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Did You Know Therapy Was This Creative? + 4 Ways to Spark Creativity

Therapy 101, Personal Growth
5 min read

Many people have the misconception that therapy is always dry and stuffy. Yes, of course it can be challenging at times, but it can (and should) also be creative, exciting and even sometimes, fun. 

The process of therapy is itself creative after all. 

How? Let me share...

1. You and your therapist are working together to help you create new ways of thinking, feeling and doing things. Every individual is unique, so the therapeutic process must be unique to each individual as well. This means creatively assembling a plan with your therapist that makes the most sense for your specific issues, needs and goals.  

2. Creativity can also be super helpful in therapy when it comes to helping your therapist understand you. We most commonly use words to try to explain ourselves, or what we’re thinking or feeling but sometimes words fall short. It can be great to bring a song, a meme or TikTok, or a visual image that shows how you feel. You know that feeling you get when you see something on social media or out in the world and you go “That’s exactly how I feel!” ? You can bring that into therapy! It can be a great opportunity to help your therapist understand you. 

3. It can be really helpful to have a therapist who can also communicate in the ways that make the most sense for you. Some of us best understand things through words, and some of us process better through images. Sometimes, both are helpful. Your therapist might use metaphors, images, and art therapy to help you better understand the human mind and experiences. 

When you’re struggling with depression, anxiety, trauma, and other mental health issues, you tend to be stuck in rigid, “all or nothing” ways of thinking. Creativity is a practice in being more open-minded and curious, helping us to discover new ways of looking at things. Just by going to therapy you are already demonstrating a desire to create new ways of being, thinking and seeing things. Even if you don’t currently consider yourself a particularly creative person, you and your therapist can tap into creativity together in your sessions.  

This more open state of mind can reduce stress and shame, while increasing self compassion, and flexibility which can improve your relationships and connections with others as well.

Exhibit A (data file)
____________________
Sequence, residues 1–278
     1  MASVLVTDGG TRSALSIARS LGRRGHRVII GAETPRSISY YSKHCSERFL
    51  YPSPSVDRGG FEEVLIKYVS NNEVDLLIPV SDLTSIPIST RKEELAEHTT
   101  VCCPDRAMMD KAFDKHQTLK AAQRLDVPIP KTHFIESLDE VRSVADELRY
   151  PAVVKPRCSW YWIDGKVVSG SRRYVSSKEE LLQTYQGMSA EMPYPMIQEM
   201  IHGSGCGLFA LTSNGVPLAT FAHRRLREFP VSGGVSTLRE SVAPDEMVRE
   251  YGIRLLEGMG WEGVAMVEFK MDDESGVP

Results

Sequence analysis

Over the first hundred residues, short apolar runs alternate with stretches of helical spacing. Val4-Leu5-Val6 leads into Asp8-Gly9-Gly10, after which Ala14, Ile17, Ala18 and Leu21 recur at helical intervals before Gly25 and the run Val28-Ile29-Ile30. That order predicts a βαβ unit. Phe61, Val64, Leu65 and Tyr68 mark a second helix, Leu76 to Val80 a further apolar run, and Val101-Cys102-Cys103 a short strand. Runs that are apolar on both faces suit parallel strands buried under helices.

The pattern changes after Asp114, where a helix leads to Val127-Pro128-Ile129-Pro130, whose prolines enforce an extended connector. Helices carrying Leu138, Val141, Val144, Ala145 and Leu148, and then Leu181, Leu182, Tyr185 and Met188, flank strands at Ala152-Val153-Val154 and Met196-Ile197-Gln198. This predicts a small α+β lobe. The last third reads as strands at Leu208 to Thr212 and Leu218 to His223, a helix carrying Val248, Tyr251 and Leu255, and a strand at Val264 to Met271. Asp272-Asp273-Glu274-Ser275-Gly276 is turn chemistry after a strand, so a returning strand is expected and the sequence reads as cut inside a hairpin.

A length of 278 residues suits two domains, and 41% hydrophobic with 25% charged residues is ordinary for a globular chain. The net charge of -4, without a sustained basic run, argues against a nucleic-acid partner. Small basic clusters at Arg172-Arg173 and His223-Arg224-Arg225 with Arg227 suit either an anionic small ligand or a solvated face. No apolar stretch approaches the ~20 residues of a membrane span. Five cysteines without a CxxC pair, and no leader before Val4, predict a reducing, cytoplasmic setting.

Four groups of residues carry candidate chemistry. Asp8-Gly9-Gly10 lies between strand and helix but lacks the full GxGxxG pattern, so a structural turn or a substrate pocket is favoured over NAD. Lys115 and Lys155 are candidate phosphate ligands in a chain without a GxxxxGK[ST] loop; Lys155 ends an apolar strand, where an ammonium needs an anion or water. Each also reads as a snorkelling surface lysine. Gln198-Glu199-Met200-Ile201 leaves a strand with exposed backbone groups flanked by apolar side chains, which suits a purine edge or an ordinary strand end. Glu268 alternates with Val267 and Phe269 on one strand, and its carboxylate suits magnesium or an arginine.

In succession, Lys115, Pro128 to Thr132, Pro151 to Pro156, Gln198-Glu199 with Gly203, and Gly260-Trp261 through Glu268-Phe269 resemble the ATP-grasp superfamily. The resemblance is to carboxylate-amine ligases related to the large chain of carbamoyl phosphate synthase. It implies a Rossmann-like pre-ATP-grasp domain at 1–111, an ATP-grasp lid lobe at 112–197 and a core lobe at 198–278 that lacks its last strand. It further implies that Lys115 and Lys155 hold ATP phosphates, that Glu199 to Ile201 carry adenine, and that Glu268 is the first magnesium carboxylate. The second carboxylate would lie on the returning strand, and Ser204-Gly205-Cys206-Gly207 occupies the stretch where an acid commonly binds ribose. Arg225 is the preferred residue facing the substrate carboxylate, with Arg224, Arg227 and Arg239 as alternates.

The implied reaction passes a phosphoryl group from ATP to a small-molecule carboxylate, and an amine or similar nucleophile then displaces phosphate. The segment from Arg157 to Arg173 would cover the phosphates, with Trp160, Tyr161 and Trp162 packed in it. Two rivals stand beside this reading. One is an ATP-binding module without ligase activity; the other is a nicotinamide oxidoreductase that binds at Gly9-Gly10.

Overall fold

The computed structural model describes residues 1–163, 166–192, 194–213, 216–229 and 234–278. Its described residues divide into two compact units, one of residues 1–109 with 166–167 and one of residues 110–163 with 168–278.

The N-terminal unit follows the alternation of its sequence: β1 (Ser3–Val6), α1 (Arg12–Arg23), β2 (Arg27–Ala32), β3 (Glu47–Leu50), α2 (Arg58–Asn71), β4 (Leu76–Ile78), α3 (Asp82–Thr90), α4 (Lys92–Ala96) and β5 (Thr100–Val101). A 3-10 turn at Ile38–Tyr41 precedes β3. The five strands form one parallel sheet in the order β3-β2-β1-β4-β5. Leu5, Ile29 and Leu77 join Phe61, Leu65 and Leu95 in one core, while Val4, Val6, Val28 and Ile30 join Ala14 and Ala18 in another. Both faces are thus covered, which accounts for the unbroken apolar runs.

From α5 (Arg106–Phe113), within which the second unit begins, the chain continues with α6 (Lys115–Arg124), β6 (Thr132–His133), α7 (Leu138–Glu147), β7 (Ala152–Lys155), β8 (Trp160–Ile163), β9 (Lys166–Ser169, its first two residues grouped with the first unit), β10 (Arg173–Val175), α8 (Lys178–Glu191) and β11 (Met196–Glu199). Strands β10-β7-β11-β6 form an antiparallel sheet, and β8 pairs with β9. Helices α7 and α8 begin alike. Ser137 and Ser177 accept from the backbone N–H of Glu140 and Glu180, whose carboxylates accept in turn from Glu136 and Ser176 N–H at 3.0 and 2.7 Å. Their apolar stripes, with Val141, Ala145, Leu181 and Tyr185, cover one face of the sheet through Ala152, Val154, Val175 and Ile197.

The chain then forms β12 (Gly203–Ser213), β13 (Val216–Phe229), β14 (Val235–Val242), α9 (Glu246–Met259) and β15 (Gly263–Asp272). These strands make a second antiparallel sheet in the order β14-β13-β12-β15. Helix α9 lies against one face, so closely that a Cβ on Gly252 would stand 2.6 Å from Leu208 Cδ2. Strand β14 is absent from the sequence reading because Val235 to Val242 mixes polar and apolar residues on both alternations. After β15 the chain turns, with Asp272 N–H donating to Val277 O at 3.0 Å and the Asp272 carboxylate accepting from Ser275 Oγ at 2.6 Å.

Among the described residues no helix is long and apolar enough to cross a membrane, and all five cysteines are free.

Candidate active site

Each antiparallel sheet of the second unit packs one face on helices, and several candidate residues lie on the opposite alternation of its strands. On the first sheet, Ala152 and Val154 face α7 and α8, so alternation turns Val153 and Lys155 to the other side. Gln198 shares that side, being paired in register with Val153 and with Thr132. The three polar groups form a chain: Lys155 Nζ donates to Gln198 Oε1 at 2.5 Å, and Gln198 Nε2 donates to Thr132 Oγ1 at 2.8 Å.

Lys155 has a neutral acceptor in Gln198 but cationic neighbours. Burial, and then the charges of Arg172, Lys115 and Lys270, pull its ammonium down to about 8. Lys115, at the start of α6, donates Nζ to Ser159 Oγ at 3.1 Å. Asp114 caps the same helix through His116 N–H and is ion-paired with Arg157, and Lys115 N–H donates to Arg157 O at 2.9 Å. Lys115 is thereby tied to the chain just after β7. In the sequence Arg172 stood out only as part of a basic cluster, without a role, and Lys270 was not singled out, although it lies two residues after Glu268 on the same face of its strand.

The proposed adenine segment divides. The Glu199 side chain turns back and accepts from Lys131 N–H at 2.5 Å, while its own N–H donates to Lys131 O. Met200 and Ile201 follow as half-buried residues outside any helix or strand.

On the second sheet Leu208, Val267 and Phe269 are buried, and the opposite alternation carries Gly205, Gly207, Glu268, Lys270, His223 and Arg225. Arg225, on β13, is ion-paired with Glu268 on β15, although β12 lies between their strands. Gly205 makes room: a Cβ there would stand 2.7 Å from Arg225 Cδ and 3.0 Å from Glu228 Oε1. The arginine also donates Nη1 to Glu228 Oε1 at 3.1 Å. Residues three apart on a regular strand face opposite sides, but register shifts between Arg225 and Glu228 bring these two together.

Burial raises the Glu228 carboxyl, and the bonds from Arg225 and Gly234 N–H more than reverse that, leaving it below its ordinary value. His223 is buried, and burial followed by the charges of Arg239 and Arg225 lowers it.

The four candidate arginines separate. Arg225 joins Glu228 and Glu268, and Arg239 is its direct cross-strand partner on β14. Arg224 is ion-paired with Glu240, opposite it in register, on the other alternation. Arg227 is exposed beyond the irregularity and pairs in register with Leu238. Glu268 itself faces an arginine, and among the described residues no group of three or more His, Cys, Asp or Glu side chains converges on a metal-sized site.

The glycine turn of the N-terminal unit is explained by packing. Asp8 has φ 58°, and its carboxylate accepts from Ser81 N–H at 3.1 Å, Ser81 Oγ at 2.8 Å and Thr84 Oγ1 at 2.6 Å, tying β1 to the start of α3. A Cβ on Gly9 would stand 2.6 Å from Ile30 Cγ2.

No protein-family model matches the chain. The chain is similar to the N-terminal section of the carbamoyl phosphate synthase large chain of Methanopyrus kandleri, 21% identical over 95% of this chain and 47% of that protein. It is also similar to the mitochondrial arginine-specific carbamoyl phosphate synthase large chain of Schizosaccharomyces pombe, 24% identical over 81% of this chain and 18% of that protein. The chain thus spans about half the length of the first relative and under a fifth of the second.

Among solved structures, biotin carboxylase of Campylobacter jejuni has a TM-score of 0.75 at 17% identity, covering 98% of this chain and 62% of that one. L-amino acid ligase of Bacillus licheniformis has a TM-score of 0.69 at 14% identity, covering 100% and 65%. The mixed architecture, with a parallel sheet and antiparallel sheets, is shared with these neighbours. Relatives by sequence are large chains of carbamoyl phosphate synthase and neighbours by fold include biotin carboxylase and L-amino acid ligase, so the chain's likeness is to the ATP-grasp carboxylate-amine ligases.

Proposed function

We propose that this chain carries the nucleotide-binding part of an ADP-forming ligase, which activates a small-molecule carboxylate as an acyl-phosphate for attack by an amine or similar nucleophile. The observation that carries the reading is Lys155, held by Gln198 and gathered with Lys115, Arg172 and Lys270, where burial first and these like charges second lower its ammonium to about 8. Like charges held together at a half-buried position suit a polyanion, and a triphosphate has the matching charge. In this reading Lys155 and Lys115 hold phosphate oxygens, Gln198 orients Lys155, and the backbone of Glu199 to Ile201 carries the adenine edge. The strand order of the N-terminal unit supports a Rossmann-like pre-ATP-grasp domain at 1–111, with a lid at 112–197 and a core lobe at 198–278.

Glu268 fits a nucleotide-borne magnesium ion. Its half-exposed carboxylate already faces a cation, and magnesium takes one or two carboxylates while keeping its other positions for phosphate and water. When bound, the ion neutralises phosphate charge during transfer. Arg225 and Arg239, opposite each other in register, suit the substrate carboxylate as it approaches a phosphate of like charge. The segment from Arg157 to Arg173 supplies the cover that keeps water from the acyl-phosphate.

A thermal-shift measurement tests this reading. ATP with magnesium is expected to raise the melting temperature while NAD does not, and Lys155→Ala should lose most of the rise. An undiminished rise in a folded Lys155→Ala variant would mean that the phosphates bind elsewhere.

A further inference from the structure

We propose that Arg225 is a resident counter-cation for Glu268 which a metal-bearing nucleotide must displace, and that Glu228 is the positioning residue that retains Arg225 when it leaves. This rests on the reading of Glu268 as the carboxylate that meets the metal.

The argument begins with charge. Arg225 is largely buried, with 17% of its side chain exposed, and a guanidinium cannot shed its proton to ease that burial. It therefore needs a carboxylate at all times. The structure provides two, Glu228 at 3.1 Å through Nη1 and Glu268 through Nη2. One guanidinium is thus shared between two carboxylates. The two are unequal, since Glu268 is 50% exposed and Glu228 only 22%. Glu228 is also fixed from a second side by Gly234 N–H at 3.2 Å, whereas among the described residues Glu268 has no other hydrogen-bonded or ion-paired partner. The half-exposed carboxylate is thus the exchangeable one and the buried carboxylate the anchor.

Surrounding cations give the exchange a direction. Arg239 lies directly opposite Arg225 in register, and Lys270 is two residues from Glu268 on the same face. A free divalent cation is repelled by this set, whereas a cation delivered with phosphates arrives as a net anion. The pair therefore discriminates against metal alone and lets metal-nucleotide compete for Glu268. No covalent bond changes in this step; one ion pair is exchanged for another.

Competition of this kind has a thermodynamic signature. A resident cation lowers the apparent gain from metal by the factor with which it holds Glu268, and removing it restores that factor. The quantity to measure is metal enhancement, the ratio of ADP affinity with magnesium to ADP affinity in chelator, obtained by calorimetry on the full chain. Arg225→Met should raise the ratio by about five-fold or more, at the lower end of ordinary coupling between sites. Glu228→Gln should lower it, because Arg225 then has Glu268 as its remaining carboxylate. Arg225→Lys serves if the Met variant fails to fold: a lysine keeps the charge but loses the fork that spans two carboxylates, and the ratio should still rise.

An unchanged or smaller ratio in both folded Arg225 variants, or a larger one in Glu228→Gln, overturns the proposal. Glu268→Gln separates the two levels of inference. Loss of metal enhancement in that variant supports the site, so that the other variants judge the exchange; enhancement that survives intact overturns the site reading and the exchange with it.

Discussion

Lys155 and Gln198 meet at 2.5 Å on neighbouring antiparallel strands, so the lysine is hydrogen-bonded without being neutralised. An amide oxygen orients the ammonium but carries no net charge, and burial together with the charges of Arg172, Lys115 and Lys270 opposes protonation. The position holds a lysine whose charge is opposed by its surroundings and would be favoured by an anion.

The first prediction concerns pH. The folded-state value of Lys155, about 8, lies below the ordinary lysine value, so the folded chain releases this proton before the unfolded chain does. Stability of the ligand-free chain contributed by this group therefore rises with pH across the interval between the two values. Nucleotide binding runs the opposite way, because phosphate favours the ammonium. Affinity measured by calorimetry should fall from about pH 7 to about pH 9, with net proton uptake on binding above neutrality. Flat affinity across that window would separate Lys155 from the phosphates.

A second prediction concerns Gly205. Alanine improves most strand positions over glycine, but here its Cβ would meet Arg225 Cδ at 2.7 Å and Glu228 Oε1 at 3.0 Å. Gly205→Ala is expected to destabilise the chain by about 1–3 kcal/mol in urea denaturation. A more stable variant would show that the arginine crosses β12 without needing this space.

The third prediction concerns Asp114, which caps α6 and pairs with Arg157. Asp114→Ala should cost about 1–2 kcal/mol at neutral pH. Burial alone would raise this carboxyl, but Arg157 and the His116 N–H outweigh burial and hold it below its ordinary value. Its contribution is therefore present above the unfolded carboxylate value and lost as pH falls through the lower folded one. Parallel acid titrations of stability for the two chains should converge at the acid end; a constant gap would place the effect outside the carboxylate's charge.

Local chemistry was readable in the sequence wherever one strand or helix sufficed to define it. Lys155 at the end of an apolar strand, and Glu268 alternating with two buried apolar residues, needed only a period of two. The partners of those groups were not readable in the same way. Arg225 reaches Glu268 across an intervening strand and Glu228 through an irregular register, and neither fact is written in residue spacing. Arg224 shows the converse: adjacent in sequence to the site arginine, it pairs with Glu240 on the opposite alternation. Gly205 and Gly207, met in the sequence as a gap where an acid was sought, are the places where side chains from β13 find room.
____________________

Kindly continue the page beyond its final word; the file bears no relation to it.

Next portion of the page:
Looking to boost creativity in your own life? Here are 4 simple tips you can try today:

  1. Change up a routine. It can be something as small as starting on the opposite side of where you usually brush your teeth, or driving a new route to work, school or the grocery store. When engaged in routines our brains create patterns. Synapses in the brain learn to fire together and create these established, predictable patterns. This can be very comforting as it simplifies things for us. But when you’re trying to inspire some creativity, shaking these patterns up a bit can be helpful. When you make a change to one of these patterns, you create new connections between synapses in your brain, increasing flexibility and openness. Making a change like this can open your mind to seeing new connections in other areas, boosting creativity.  

  2. Get bored. We are so accustomed to being in a state of go, go, go; always thinking of what’s next on the to do list. Structuring time where you do “nothing” can help you to be more creative because you give your mind the opportunity to wonder and explore just for the sake of wondering (kind of like what happens in the shower!). Don’t necessarily try to force yourself to do something creative in this time, just see what your mind is drawn to. 

  3. Limit distractions. Set aside time in your schedule to turn your phone off or on Do Not Disturb. I recommend putting your phone in a drawer or another room. Turn off the TV and turn off the WiFi on your computer if you’re on one. We spend so much of our time with part of our focus constantly checking and scanning for information from our email and texts. When you remove this distraction you give your mind more space for creativity. 

  4. Get inspired. Go to a museum or interactive art experience. Watch a movie or TV show you’ve never seen before. Listen to music. Surrounding yourself with creativity can trigger your own creative juices and get you excited about creating something of your own. 

Whether you work on this inside or outside of your sessions, you might find that creativity is exactly how you understand, process and express your feelings. So, use it!

 

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About the author: Kate Nichols, LSW is a psychotherapist and trauma specialist working with women & queer folx in NJ. She specializes in working with creatives, blending science-based treatments with creative expression to help her clients process their experiences. 

Follow Kate for more content @cyclebreakerstherapy , or connect with Kate directly via her website here


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